Scout Bees – Why They are Important

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Every task in the colony is important but none more than that of scout bees. These worker honey bees are responsible for finding new home locations for future swarms and searching out food sources. Scouting bees only represent a small percentage of colony members but they save the colony many wasted miles of flight.

Scout honey bee looking for food.

Members of a honey bee colony are well known for their efficient way of working. Colony organization of this social organism ensures that each one of the worker bees are busy doing their part for the hive.

Honey Bee Scouts

Foragers are the female workers responsible for collecting things the hive needs. They are the older members of the colony. Thousands of workers are needed to bring in the resources necessary for daily hive life.

They also must store honey and pollen for Winter. This coordinated effort would not work if each bee had to find food alone.

To aid in the goal of having a productive system of finding what the colony needs, a percentage of colony members serve as bee scouts.

Role of the Scout Bees in Nectar Collection

These workers “scout around” for rich nectar or pollen sources. When an abundant food source is found, they return to the hive to share the news.

Inside the hive, the scout bee dances to direct other foragers to the food source. Scout bees’ dancing movements are performed inside the colony on the surface of the comb.

They show foragers the general direction and distance to food. In time, more and more of the foragers will visit the food and return to dance and tell others.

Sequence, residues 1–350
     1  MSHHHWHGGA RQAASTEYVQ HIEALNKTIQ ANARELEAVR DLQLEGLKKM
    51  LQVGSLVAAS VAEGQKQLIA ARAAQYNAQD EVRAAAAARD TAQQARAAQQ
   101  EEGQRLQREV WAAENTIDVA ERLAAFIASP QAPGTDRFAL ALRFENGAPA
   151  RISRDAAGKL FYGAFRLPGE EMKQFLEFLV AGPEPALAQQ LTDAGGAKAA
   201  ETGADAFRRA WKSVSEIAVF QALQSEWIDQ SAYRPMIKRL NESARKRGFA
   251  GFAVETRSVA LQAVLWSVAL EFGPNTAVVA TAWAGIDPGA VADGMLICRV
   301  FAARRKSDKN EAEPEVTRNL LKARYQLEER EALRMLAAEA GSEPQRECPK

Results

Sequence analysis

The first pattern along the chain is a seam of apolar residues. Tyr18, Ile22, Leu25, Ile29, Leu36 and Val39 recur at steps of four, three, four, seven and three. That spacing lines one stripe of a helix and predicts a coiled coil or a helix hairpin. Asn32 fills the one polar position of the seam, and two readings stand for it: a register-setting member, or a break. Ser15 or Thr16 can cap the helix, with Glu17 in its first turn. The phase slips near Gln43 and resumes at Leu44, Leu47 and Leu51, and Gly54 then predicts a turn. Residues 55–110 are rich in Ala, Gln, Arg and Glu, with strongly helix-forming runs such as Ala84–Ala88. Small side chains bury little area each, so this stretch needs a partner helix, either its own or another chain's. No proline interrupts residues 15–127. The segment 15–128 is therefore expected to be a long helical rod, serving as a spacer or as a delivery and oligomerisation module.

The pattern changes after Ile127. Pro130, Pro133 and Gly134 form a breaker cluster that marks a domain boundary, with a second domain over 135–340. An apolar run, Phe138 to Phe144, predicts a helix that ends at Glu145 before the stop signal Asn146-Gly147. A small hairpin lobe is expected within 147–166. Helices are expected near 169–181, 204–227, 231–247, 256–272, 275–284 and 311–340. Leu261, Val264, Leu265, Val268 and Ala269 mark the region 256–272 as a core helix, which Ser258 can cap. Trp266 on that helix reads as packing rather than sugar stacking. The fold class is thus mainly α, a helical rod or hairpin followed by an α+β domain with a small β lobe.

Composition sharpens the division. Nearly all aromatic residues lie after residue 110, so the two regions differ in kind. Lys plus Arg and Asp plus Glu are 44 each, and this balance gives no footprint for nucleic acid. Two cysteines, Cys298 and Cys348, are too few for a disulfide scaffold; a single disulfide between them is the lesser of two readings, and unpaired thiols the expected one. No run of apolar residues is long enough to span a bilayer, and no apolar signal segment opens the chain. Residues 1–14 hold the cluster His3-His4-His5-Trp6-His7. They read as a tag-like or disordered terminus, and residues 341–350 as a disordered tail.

This “bee telegraph” system continues throughout the warm season. With scouting behavior continuing to seek out more and more resources.

Workers serving as scout bees dancing on the comb inside the hive to direct foragers to food.

These bees travel long distances from the hive when needed. The way dance movements are used to share information is a bee fact – that is unique to honey bees.

This efficient system of locating food promotes colony productivity and helps bees make honey to store for Winter. But, locating food is not the only role of honey bee scouts.

What do Scout Bees Look Like?

How do you know if you are seeing a scout in the field? You probably will not be able to determine their status. Scout bees look the same as any other worker bee. It is their behavior that is different.

You might see a bee flying around a tree trunk investigating any knot holes or openings. She seems to be searching for something – not like normal behavior of foraging bees.

When you see a honey bee near a swarm trap you have set up, or an opening in the siding of your home (Oh No) – it’s time to pay close attention.

Large swarm of bees with many scouts in a tree.

Role in Finding Nest Sites

Honey bee colonies have a remarkable method of making more bee families. This is reproduction at the colony level. It is called honey bee swarming.

In this somewhat risky procedure, roughly half of the hive population leaves to form a new colony in a new location. The rest of the bee family remains in the mother hive to rebuild the work force.

Scout bees play a critical role in swarming. The new colony needs to have an appropriate nest site to build their new home. The bees make careful preparations in the weeks before casting a swarm.

Honey bee scouts investigating new bait hive image.

Evaluating Possible Nest Sites

Any hollow of an appropriate size is a candidate for the new colony. And bees choose spaces of all sizes! Though a volume of 40-50 litres (size of one deep brood box) is a common choice.